Alexandria, VA (May 2007) Recent research indicates that sympathy flowers may not only brighten and warm a funeral or memorial service setting, but also have a positive impact on the emotional well being of the bereaved, according to the Society of American Florists (SAF). The national floral trade association cites a 2006 behavioral research study conducted by Nancy Etcoff, Ph.D., of Harvard University, that underscores the importance of flowers in our lives and reveals some of the calming, fortifying feelings they can create.
The Harvard study reveals that flowers feed compassion and chase away anxiety and worries. The research participants lived with fresh flowers for just a few days and reported increases in feelings of compassion and kindness for others. Overall, people simply felt less negative after being around flowers.
What we learned is that flowers can have profound positive effects on our emotions, said Etcoff. We have an innate attraction to flowers, she added, and through research we're beginning to discover why that is so.
Previous behavioral research by Rutgers, The State University of New Jersey, also found that flowers improve our emotional health, according to The Journal of Evolutionary Psychology. Specifically, study participants reported feeling less depressed, anxious and agitated after receiving flowers, and demonstrated a higher sense of enjoyment and life satisfaction.
The bereavement process is a pivotal time when worry, anxiety, and many sad emotions are present, says Peter Moran, SAF's chief executive officer. With such compelling research that shows the presence of flowers make a positive impact on people's emotional well-being, SAF wants the funeral industry to know flowers are a critical part of the bereavement process.
Moran also says that SAF's member florists are more concerned than ever about the trend toward the use of the in lieu of flowers phrase in obituaries and death notices.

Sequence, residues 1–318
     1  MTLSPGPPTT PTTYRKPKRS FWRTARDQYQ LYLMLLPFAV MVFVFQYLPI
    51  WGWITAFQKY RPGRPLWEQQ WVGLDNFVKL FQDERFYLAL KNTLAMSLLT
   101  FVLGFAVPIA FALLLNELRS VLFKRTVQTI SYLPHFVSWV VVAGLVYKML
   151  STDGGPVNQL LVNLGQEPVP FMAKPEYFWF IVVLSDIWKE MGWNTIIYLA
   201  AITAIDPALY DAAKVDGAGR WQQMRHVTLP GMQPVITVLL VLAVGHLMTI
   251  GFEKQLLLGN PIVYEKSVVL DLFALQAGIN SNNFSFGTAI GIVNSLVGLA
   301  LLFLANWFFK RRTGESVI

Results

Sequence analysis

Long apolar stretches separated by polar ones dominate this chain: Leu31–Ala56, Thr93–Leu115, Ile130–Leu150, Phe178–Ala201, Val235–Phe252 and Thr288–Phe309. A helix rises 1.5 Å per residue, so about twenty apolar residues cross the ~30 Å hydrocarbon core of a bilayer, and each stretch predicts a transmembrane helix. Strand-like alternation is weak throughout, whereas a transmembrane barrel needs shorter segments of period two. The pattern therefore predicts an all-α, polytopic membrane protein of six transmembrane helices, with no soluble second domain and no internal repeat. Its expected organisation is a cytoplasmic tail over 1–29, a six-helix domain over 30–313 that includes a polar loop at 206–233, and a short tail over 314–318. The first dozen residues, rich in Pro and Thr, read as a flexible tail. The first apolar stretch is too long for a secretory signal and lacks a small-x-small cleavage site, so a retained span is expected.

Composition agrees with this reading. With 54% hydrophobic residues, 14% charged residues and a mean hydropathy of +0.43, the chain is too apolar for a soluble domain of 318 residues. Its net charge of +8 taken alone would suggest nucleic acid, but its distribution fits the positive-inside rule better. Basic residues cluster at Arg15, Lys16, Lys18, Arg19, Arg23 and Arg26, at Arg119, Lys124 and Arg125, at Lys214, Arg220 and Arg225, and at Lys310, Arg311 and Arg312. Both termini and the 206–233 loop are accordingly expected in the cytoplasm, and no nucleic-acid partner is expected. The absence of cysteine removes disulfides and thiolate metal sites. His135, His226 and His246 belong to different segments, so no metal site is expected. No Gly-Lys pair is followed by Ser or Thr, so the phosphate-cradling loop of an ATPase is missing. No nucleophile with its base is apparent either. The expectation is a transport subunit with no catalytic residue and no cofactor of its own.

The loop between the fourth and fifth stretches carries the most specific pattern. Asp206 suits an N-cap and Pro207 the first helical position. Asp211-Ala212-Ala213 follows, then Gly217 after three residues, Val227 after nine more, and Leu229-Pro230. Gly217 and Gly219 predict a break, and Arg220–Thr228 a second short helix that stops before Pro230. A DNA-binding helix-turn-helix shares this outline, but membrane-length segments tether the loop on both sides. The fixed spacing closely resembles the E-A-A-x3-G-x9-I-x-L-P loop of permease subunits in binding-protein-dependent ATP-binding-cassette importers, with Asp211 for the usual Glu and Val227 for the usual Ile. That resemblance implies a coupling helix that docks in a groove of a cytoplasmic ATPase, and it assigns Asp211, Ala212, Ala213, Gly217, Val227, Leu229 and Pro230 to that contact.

In light of the emotional benefits of flowers, it is hard to imagine a funeral or memorial service without them, says Rod Saline, SAF's president-elect and owner of Engwall Florist & Greenhouses in Duluth, Minnesota. However, floral industry members nationwide believe in lieu of flowers runs the risk of just that, he adds. The in lieu of flowers phrase, which traces its roots back to the 1950s, has seen prominent use in the last couple of decades with the proliferation of charitable organizations actively seeking memorial donations.
Florists continue to be concerned that the use if this phrase diminishes people's ability to express their sympathy through flowers, says Saline.
Moran says SAF is stepping up its efforts to deal with the issue by helping florists and funeral directors build better working relationships. He acknowledges the inconvenience that handling flowers can cause funeral directors, such as leaking or spilled water, delivery times, and transport issues, which may lead them to use the phrase more frequently in the obituaries they write. Or perhaps it's become second nature to insert the phrase when the family designates a charity, adds Moran.
SAF suggests funeral directors eliminate the in lieu of flowers phrase, unless directly specified by the family, and instead use an alternative phrase such as: Donations may be made to (charity), The family has designated (charity) for memorial contributions, or The (charity) Memorial has been established for those wishing to make a contribution.
Acknowledging the need for florists to work closely with their local funeral directors, Moran says SAF provides its members with tips and advice to make handling and transporting flowers easier for the funeral director.
I encourage funeral directors to actively participate in an open dialogue with their local florist, Moran says, to make them aware of problems or concerns, and allow the florist to best serve their individual needs. SAF is encouraging florists to ask funeral directors whether they have challenges with certain container types and sizes, and if they prefer certain delivery times or need help transporting flowers.
Communicating and working to reach a mutual understanding for problems will benefit the funeral director, the florist and our mutual customer the family and friends of the deceased, says Saline.